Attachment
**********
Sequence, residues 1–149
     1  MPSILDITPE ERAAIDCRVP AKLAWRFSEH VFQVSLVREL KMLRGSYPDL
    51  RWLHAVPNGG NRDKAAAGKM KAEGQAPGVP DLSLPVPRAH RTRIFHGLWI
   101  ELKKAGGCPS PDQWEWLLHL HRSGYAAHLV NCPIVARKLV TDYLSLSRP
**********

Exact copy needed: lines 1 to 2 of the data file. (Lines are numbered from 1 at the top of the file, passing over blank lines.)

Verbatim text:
Sequence, residues 1–149
     1  MPSILDITPE ERAAIDCRVP AKLAWRFSEH VFQVSLVREL KMLRGSYPDL